The correct prefix for Switzerland is HB9 (there are again alerts HB/…).
Same OP chased me more than once = counts or not?
Looking for advice on HB / Zurich SOTA
SOTA News July 2016
On a slightly different but related topic, when a UK amateur operates overseas under CEPT Recommendation T/R 61-01, the callsign used must not include a Regional Secondary Locator (RSL). It should be the unembellished UK callsign.
For example, if MM0FMF was operating from Madeira his callsign would be “CT9/M0FMF”. Not “CT9/MM0FMF”.
This rule equally applies to UK amateurs, including Northern Ireland licensees, operating from the Republic of Ireland! So GI4XYZ, for example, would become EI/G4XYZ.
Source: Paragraph 2.107 of the “Ofcom Amateur Radio Licence Guidance for Licensees”.
Interesting point Walt - reading CEPT 61/01, it states:
The minimum requirements for a "CEPT radio amateur licence’’ will be:
indication that the document is a CEPT amateur licence;
a declaration according to which the holder is authorised to utilise an amateur radio station in accordance with this Recommendation in countries where the latter applies;
the name and address of the holder;
the call sign;
the issuing authority.
and (under conditions of utilsation):
2-3 When transmitting in the visited country the licence holder must use his national call sign preceded by the call sign prefix of the visited country as indicated in ANNEX 2: and ANNEX 4:. The call sign prefix and the national call sign must be separated by the character “/” (telegraphy) or the word “stroke” (telephony).
I would think that someone with a mailing address in Scotland would have a callsign starting with GM or MM on their licence and for the licence to be “CEPT Compliant” this is the relevant callsign. Are you saying Walt, that the “national call sign” is considered to be the call sign without the regional designator? so just G or M without the extra M??
It is important to remember that when operating abroad in another CEPT country, the CEPT regulations plus the local regultions apply NOT your home coutry licence conditions - hence for example a G station coming to Germany cannot operate portable on 6 metres as 6m portable operation is illegal in Germany, a US station travelling to Europe cannot operate in the 7.2 - 7.3 MHz band as this is not allocated to Amateur radio in any of the European countries etc. etc. Hence wording in the UK licence regarding the use of the reginal locator letter in the callsign is not directly relevant under CEPT - what your callsign is shown as on your licence is - hence if Andy’s UK licence says his callsign in MM0FMF, when operating in e.g. Germany he should sign DL/MM0FMF I believe.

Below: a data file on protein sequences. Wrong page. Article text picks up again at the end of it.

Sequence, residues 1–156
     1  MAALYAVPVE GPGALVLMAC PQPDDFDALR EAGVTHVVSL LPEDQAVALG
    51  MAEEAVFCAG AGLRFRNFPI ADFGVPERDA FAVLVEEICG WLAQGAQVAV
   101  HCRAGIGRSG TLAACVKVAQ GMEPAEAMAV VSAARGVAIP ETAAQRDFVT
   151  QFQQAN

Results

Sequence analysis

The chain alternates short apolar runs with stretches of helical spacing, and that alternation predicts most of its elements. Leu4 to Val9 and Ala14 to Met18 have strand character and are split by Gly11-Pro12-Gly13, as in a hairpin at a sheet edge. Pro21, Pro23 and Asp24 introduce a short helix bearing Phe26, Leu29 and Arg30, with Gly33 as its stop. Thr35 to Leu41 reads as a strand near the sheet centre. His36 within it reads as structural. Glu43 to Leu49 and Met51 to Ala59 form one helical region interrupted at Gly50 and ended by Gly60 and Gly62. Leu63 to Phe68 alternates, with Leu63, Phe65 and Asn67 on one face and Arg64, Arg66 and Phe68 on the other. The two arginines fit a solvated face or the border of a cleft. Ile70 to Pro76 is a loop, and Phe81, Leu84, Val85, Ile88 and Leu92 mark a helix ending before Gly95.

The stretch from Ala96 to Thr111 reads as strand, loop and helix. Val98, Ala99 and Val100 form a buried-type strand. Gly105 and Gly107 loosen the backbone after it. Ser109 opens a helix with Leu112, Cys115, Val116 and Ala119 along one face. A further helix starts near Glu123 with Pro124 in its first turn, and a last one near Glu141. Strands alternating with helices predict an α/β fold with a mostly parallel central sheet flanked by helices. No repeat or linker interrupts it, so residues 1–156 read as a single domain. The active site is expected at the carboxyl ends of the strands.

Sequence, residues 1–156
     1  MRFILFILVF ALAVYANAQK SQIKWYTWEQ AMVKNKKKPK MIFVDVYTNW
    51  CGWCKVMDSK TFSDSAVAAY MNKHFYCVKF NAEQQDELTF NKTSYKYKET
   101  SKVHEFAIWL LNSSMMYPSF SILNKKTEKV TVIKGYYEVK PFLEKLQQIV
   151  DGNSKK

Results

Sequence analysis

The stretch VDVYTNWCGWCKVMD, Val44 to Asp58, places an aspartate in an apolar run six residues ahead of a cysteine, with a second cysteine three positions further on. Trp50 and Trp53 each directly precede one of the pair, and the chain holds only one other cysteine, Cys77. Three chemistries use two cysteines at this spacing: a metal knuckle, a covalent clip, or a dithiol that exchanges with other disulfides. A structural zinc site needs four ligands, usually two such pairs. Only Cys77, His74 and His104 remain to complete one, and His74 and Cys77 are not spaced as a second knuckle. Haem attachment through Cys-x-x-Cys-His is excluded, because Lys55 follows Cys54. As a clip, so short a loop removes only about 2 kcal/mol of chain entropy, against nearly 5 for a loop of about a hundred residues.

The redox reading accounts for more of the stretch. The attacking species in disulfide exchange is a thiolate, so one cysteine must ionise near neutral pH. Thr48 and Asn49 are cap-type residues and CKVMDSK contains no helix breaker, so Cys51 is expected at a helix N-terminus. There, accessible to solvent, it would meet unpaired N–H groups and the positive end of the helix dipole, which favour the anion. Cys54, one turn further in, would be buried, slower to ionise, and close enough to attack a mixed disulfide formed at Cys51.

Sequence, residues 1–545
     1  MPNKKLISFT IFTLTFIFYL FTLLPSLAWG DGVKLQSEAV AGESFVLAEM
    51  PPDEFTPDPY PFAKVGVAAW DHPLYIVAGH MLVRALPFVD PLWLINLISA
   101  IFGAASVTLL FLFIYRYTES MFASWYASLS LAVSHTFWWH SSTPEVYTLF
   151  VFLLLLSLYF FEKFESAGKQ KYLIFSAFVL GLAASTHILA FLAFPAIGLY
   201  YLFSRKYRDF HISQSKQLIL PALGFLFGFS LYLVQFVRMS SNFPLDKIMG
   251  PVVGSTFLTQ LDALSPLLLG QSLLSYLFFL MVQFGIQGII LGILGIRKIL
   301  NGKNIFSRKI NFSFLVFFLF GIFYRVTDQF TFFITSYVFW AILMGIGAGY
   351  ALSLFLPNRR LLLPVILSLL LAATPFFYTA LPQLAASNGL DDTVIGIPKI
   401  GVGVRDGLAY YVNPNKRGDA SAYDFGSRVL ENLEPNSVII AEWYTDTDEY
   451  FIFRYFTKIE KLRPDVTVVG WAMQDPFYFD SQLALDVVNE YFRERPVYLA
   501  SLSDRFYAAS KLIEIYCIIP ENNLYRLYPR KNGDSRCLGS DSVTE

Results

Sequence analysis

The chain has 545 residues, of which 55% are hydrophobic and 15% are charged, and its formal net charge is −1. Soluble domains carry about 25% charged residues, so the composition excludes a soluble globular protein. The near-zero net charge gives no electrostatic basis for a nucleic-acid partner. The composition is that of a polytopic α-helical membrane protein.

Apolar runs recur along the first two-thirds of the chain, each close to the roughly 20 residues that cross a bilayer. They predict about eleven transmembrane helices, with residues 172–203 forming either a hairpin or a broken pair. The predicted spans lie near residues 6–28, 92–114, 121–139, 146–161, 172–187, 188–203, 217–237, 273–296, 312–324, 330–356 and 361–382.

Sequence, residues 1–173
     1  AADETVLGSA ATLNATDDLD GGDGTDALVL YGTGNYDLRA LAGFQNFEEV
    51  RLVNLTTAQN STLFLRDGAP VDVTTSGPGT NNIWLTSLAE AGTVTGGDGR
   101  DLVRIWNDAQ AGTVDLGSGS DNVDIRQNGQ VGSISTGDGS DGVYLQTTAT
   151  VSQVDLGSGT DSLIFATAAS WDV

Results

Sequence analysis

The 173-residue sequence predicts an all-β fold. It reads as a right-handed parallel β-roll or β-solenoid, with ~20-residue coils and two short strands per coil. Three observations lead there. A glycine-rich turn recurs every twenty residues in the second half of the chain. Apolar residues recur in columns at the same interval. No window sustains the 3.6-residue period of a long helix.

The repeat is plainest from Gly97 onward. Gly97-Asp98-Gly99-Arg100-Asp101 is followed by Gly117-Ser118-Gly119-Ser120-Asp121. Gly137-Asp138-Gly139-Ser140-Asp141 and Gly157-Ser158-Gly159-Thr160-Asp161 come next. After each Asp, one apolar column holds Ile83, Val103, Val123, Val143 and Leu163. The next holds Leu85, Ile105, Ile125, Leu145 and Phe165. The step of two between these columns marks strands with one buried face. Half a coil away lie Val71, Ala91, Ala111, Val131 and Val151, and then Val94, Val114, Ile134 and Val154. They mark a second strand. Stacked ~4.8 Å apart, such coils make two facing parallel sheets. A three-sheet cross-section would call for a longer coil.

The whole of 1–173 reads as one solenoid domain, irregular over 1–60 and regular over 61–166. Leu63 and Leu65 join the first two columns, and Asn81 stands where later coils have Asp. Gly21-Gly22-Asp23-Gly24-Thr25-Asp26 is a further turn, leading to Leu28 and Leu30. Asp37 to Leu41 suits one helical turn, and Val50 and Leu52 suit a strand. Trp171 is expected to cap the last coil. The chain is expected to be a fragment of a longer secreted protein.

If this wasn’t the case and regional letters/numbers should be dropped when operating under CEPT, Andrew VK1AD operating in Austria would become OE/VKAD (1 is the regional/state indicator for the ACT in Australia) and if VK4AD (Queensland) or VK3AD (Victoria) were in Austria at the same time, they would be using the same callsign.
The problem goes back to the decision of the Home Office in the UK many years ago to have the regional letter change when amateurs travel over borders within the UK. I have long said that if this decision could be reversed the system would be simplified and in fact a reduced number of callsign configurations would be required (possibly dropping the need for the use of the 2 and/or the M blocks). In such a set-up the call sign used by an amateur is the one issued to the home location plus, when needed, with an extension (this logic is used in Australia and other countries e.g. VK1AD / Portable VK3 indicates that Andrew lives in the ACT but is currently operating in Victoria). That would mean that Andy with his MM0FMF callsign would call as MM0FMF / Mobile MW while driving in Wales or MM0FMF / Portable MI when operating portable in Northern Ireland. This would then allow MI0FMF, M0FMF, MJ0FMF, MD0FMF MW0FMF, MG0FMF callsigns to be allocated to other amateurs (of course if M was dropped completely - a new G / GM etc. call would have to be allocated - but I think you can see the principal). If someone moves their home QTH over an inter-UK border they would have to apply for a new call sign (this happens in Australia and other countries today).
In any case - after all that - back to Walt’s original point - I would expet Andy to operate as DL/MM0FMF/P in Germany, not DL/M0FMF/P as his licence (and unofficially qrz.com) identifies Andy as MM0FMF, not M0FMF.
Annex 2 in CEPT 61/01 clearly states that for Switzerland the prefix to the national callsign when operating in Switzerland is HB9. This is what Heinz was pointing out - I think the operators are getting this right, just those spotting are taking the SOTA prefix instead of the CEPT prefix.
… ok if operators are getting this right but there are still the alerting and self-spotting activators and unfortunately some chasers copy trustingly/blindly what the activator has indicated
The advice on CEPT has changed several times since I moved to GM in 2000. First it was use the callsign with no modifier, then it was use the call printed on the licence. Now it has returned to use the callsign with no modifier.
So I operated abroad for many years as DL/M0FMF etc. Then I reluctantly used W6/MM0FMF etc. which I always thought was wrong. My call is M0FMF unless I’m in the other parts of the UK when I happily insert the extra letter, But being W6/MM0FMF seems wrong, I’m in California so I prefix with W6 but I’m not in GM so why add in the M? But rules is rules and that was the advice at the time.
Now it’s full circle and back to just the callsign and no modifiers. So this year I hope to be F/M0FMF and DL/M0FMF.
All this was made farcical by my licence having the incorrect call printed on from when I notified my new address in GM until 2007. It should have said MM0FMF as soon as the address changed, but remained at M0FMF. The licence and BR68 at the time stated you must use the callsign printed on the validation document when operating at the station address. Which meant when operating from home as M0FMF and MM0FMF/m as soon as I drove my car off my property! Which is obviously wrong.